Economic evaluations of drug therapy: Attitudes of primary care prescribing advisers in Great Britain

T Walley, S Barton, J Cooke, M Drummond

Research output: Contribution to journalArticlepeer-review


All health authorities in Great Britain have both medically or pharmaceutical qualified staff to advise both the authority and the local primary care medical practitioners about drug use and prescribing. This study used a piloted postal questionnaire to assess the attitudes of these advisers to economic evaluations of drug therapy, and their perceptions of the barriers to achieving cost effective prescribing by use of these evaluations. There was a 65% response rate to the questionnaire. Economic issues were rated by advisers to be less important than clinical issues, but were considered at most meetings between advisers and primary care medical practitioners. Advisers wished to consider true cost effective prescribing but often felt obliged to consider drug acquisition costs and risks of budgetary overspends. The perceived inflexibility of existing structures within the British National Health Service and the lack of credibility of the evaluations (often perceived as pharmaceutical industry marketing) were the major barriers to the application of the evaluations. The paper concludes that advisers were keen to use economic evaluations to promote cost effective prescribing but were impeded by the perceived bias of existing studies and by rigid current NHS structures. (C) 1997 Elsevier Science Ireland Ltd.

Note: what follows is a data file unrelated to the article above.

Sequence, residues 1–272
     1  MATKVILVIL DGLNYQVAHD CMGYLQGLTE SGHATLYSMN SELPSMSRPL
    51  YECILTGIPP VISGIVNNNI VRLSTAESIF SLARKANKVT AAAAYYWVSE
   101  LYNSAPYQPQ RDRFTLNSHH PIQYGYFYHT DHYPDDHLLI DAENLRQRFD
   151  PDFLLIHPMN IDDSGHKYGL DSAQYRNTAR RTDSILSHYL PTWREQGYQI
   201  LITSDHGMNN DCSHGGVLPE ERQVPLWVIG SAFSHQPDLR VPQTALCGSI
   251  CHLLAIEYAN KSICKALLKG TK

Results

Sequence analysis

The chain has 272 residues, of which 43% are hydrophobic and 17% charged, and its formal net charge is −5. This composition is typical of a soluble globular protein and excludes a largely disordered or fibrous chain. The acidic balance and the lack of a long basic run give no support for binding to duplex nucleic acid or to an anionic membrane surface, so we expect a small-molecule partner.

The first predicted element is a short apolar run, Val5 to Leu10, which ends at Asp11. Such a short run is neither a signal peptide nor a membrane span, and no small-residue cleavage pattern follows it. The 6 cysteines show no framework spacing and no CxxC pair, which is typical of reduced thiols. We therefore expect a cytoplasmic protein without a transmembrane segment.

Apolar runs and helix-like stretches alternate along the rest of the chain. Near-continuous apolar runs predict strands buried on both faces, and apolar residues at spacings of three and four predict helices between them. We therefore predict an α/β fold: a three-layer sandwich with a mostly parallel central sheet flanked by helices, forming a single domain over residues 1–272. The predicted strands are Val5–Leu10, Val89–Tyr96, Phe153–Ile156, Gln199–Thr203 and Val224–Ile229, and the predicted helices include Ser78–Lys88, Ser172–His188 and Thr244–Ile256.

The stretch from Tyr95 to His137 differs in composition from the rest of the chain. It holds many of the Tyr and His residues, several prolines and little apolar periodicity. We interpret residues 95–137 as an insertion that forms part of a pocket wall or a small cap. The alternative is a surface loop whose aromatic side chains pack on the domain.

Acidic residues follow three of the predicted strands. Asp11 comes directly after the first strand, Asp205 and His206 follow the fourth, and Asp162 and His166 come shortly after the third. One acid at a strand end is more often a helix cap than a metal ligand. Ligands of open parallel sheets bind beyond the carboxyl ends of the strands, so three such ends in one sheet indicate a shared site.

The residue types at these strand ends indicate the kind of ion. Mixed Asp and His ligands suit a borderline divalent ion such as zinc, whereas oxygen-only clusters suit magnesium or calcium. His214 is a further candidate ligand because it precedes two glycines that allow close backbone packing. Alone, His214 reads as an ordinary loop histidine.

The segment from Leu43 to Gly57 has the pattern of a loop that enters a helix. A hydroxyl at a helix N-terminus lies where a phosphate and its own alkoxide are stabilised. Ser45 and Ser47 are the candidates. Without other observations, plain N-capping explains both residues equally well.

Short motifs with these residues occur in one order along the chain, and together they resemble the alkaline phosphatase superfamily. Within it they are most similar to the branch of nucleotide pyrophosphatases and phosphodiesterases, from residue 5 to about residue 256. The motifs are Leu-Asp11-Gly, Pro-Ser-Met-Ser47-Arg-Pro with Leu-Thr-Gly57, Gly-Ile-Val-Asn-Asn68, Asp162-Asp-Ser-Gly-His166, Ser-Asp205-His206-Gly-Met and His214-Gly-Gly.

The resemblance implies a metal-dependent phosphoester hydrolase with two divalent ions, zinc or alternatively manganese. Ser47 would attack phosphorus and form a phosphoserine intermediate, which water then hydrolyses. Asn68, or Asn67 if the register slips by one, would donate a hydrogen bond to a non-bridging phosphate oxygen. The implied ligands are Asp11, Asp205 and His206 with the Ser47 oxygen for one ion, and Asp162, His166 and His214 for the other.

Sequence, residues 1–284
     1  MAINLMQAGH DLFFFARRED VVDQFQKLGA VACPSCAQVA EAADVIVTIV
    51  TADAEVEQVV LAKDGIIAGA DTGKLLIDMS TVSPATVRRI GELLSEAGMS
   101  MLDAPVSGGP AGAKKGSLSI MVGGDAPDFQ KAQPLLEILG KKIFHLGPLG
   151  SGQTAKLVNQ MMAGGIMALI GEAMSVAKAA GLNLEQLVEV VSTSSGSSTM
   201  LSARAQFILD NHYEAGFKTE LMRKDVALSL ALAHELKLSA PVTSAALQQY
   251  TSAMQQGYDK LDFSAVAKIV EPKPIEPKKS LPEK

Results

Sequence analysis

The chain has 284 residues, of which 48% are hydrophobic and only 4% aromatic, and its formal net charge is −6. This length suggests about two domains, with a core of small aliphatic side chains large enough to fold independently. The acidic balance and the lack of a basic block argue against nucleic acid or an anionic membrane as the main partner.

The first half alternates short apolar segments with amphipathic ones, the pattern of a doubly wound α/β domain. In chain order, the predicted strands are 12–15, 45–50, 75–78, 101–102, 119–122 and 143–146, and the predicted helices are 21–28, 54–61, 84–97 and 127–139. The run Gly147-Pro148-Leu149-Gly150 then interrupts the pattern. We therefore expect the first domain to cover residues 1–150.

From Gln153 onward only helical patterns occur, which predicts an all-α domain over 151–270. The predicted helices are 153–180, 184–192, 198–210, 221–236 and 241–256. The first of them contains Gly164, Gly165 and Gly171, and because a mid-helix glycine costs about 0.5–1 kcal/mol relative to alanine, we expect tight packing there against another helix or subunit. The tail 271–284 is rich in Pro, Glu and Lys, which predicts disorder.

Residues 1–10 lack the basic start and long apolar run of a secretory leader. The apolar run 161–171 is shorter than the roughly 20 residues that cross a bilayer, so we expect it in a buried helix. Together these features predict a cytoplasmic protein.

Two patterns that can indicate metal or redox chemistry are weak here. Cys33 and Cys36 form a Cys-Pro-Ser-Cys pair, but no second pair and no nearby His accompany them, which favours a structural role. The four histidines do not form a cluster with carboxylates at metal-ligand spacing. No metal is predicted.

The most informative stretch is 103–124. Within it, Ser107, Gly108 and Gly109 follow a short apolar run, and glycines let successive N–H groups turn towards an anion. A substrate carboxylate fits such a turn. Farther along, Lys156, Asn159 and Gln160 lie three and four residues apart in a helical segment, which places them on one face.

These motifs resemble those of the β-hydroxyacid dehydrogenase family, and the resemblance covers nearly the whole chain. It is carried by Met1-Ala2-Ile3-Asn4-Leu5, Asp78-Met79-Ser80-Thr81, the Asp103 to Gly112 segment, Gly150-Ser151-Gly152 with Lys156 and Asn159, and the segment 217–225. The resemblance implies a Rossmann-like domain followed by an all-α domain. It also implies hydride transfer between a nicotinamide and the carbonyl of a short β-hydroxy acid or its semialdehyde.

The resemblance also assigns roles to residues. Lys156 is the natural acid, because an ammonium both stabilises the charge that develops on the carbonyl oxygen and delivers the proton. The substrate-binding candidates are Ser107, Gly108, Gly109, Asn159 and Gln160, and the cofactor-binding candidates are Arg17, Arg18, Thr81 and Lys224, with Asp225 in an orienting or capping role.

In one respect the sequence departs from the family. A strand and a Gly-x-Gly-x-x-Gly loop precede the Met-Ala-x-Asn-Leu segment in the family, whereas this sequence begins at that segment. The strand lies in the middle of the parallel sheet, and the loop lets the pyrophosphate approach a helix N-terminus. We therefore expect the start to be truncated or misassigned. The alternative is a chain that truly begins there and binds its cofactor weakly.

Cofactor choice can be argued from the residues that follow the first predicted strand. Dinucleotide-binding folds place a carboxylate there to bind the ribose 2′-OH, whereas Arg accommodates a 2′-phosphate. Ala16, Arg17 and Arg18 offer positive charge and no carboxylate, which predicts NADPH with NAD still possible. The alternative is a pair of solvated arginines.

Original languageEnglish
Pages (from-to)61-72
Number of pages12
JournalHealth Policy
Issue number1
Publication statusPublished - Jul 1997


  • economic evaluation
  • drug therapy
  • National Health Service
  • attitudes
  • UK

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